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Rooster Spurs - can I trim them and how?

 
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My cockerel is having trouble walking because his spurs are too long.  He keeps tripping over them and gets horribly embarrassed.  I think he's starting to get depressed about it.

I'm thinking to trim the spurs but want to do this in a way that is gentle on the humans and the roo.  Are spurs like horns in that they have a live part inside?  What if I cut them back a quarter inch every few weeks until they are down to two inches long - and he can walk properly again?  How would I go about cutting them?
 
r ranson
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I have used wire clippers, taking little bites at a time to make sure not to cut too deep.  
 
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I did like Tyler and clipped them down a little at a time with wire cutters.  After they were shorter, I super-glued wire nuts onto them because the rooster was cutting the hens with them.
 
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I just trimmed my roosters spurs this afternoon. He's been inadvertently causing wounds on my hens during mating, not all the time, but it's happening once in a while, which is too much. I lost a hen earlier this year to a laceration on her side and what I now believe to be caused by my rooster. I'm not ready to cull chickens and send him to freezer camp just yet, so I hope trimming his spurs will put an end to hen damage. I'd never trimmed spurs before so I wasn't sure what I was up against. I thought about linesman pliers or diagonals, but chose my cat claw trimmer as it's very sharp. Even though my rooster is pretty timid and well behaved to begin with, I figured a distraction might help so his attention isn't on the human and human's out of routine behavior. I thought food would be just the ticket since all animals speak the language of food. I re-entered the chickens fenced area with a freshly filled feeder, and I placed it on the ground instead of hanging it back up inside the coop. All the birds, and rooster, went to the feeder. It took a couple tries because each time I went for a spur, the chickens were still in a sort of frenzy and were knocking each other around, rooster included, but he would walk around and try a new spot. On his third repositioning, everyone was being fairly still and foraging. I simply reached under him with my cat claw trimmer while he was standing there eating and snip, got the first one, and he seemed to either not know what was going on. I was surprised at how tough a spur is, it took more squeezing than I realized to snip the spur. I promptly went for the other spur, and snippety snip off it went. I got more clipped off the second than the first, so I went back to the first and took off a little more. With the spurs trimmed I walked away, him and the hens still eating. I don't know how long they will take to grow back, but I'm feeling pretty good about having to do this again. The cat claw trimmer I used looks almost identical to the one in this picture.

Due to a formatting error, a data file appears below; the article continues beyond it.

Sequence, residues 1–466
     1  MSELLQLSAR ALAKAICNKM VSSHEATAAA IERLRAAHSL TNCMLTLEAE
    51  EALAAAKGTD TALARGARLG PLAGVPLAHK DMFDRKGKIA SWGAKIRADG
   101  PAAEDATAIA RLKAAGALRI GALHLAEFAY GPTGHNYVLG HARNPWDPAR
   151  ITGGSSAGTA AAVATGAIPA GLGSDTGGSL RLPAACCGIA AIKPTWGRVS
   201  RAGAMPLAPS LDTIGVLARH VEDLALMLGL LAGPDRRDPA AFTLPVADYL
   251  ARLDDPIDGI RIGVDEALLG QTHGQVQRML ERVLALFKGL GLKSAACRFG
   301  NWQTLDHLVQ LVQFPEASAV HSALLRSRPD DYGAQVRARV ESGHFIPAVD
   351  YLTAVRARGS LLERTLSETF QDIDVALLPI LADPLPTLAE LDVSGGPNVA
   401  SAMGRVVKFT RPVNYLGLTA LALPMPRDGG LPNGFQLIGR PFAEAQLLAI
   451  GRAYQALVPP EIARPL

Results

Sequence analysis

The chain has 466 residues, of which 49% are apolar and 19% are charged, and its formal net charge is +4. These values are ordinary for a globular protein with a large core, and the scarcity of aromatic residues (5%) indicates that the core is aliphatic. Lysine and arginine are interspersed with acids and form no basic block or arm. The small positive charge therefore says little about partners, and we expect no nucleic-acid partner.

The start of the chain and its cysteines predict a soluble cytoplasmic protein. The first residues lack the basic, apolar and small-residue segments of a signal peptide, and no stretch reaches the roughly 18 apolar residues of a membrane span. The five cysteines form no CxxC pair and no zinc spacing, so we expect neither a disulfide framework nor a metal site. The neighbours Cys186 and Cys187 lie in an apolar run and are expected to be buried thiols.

Tyler Ludens
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You might consider gluing round wooden beads to them if the wounding continues.  Even the trimmed spurs can gouge into the hen's sides.

If you wrap the bird in a towel to keep the wings down, it's easier to handle them with just one person.
 
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